arXiv

The tick size, which is the smallest increment between two consecutive prices for a given asset, is a key parameter of market microstructure. In particular, the behavior of high frequency market makers is highly related to its value. We take the point of view of an exchange and investigate the relevance of having different tick sizes on the bid and ask sides of the order book. Using an approach based on the model with uncertainty zones, we show that when side-specific tick sizes are suitably chosen, it enables the exchange to improve the quality of liquidity provision.

arXiv

The shortcomings of the popular Black-Scholes-Merton (BSM) model have led to models which could more accurately model the behavior of the underlying assets in energy markets, particularly in electricity and future oil prices. In this paper we consider a class of regime switching time-changed Levy processes, which builds upon the BSM model by incorporating jumps through a random clock, as well as randomly varying parameters according to a two-state continuous-time Markov chain. We implement pricing methods based on expansions of the characteristic function as in \cite{Fourier}. Finally, we estimate the parameters of the model by incorporating historic energy data and option quotes using a variety of methods.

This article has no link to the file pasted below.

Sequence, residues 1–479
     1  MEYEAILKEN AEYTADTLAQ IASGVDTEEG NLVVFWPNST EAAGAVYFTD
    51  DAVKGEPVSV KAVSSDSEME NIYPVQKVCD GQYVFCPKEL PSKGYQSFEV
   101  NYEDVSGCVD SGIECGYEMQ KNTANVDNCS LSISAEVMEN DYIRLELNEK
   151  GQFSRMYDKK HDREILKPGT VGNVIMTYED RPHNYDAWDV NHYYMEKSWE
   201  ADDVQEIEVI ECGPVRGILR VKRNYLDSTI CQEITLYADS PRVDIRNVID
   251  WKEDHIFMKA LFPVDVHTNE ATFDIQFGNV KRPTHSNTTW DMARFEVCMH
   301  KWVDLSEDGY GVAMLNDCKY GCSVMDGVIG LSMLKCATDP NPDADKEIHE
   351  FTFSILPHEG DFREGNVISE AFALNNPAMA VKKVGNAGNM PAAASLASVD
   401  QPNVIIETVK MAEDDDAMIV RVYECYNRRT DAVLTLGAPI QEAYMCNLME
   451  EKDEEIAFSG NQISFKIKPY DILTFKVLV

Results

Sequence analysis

arXiv

The objective of the paper is to price weather contracts using temperature as the underlying process when the later follows a mean-reverting dynamics driven by a time-changed Brownian motion coupled to a Gamma Levy subordinator and time-dependent deterministic volatility. This type of model captures the complexity of the temperature dynamic providing a more accurate valuation of their associate weather contracts. An approximated price is obtained by a Fourier expansion of its characteristic function combined with a selection of the equivalent martingale measure following the Esscher transform proposed in Gerber and Shiu (1994).